A secondary market for concert/event tickets could bypass the pretty extortionary and abusive middlemen that currently dominate that market. Of course that depends on: a stable value-coin; participation of event promoters; dramatically increased scalability, reliability, efficiency and usability of blockchain and off-chain tools.

                            I think anything like this, that depends on allocating scarce intangible assets, presents a compelling use case. But all this is contingent on dramatic improvements in technology. Right now there are some really interesting things going on in the Ethereum world involving consensus, sharding, and scalability that, if promises are lived up to, might get us closer to where we’d need to be. As far as I can tell most people involved in other cryptocurrencies space are unhealthily fixated on asset prices and speculation, probably to the detriment of making meaningful progress into building these things into useful tools.

                            1. 3

                              I kind of agree, but a “stable value-coin” is a “trusted third party”, I think.

                              1. 5

                                Yes. This is an absolutely unavoidable point that people need to accept and not try to find a clever technical solution for, because none exists! The US dollar is useful to people largely because the federal reserve has a staff that produces and considers numerous reports of real-world consumer prices and adjusts policy to keep them changing at a modest and predictable rate. There is no way a fixed set of rules in a blockchain can achieve this: we are intractable bound to these real-world institutions if we want the stable prices average citizens will demand. Cryptocurrency enthusiasts very slowly re-learning–or refusing to learn–these basic tenets of monetary policy is frustrating.

                                Given this, I feel that being able to trust arbitrary counterparties for a some variety of transactions could still be a very useful tool in the future.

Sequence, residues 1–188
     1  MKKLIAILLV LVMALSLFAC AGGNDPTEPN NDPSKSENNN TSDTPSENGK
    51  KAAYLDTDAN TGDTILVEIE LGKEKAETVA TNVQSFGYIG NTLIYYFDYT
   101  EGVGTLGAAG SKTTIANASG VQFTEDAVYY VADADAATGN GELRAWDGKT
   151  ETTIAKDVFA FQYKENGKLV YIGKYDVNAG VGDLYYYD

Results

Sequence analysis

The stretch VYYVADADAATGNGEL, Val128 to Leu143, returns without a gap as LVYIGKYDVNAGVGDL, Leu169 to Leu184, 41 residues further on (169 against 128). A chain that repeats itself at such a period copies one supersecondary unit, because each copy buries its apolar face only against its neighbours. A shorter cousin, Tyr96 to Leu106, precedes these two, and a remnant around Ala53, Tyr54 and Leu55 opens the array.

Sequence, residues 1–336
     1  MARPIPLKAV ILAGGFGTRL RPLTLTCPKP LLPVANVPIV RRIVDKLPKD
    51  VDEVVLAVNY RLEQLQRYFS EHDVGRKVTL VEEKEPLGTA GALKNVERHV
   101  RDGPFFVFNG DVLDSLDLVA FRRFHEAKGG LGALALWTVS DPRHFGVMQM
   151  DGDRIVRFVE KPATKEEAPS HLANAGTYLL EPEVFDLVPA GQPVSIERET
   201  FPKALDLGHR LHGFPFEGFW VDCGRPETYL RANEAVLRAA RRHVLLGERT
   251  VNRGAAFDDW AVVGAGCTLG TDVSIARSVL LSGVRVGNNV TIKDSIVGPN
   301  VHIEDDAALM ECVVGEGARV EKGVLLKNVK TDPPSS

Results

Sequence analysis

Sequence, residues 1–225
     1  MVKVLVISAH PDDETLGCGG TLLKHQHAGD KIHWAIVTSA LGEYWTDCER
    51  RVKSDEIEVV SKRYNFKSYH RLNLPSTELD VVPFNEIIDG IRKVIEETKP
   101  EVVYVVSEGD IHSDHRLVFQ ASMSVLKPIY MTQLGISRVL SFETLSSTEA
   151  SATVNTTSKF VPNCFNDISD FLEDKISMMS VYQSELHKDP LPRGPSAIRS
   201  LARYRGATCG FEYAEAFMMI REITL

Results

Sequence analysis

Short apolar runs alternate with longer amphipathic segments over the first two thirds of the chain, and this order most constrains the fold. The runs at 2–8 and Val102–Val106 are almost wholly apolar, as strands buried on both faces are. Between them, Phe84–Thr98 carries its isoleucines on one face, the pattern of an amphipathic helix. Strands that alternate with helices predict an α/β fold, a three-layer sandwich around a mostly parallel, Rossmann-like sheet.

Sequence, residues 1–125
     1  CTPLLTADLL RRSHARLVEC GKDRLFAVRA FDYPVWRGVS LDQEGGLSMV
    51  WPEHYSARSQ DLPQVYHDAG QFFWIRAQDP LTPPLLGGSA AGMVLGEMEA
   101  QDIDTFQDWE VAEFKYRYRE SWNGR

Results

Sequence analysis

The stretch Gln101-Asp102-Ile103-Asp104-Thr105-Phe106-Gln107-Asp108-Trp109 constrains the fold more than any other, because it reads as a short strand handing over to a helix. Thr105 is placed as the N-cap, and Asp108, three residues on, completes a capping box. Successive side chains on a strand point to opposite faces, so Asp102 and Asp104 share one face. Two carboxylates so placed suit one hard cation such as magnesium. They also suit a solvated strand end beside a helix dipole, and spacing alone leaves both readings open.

1. 3

                                  I think for at least the early ones it was less ignorance of monetary policy, and more a fundamental philosophical disagreement.

                              2. 1

                                Can’t they just sell it centralized online with a limit for each registered customer? Could even bootstrap it at one event by giving customers cards with unique codes on them for use with an app and/or web site. They get them with instructions when they come in. That establishes the unique ID’s that are used to buy tickets for future events.

                                Whatever is left of the problem should be minimal. If each supplier does this, third parties will show up selling them a solution trying to grab the market. It will get cheaper for those selling tickets.

                                1. 5

                                  So who are the miners? How are they paid? What is the mining/validation method? Who has custody over copies? What happens when there is disagreement among ledgers?

                                  1. 1

                                    My (very) naive answer would be:

                                    • The users of the service
                                    • By using the service
                                    • no idea
                                    • Everybody?
                                    • Majority?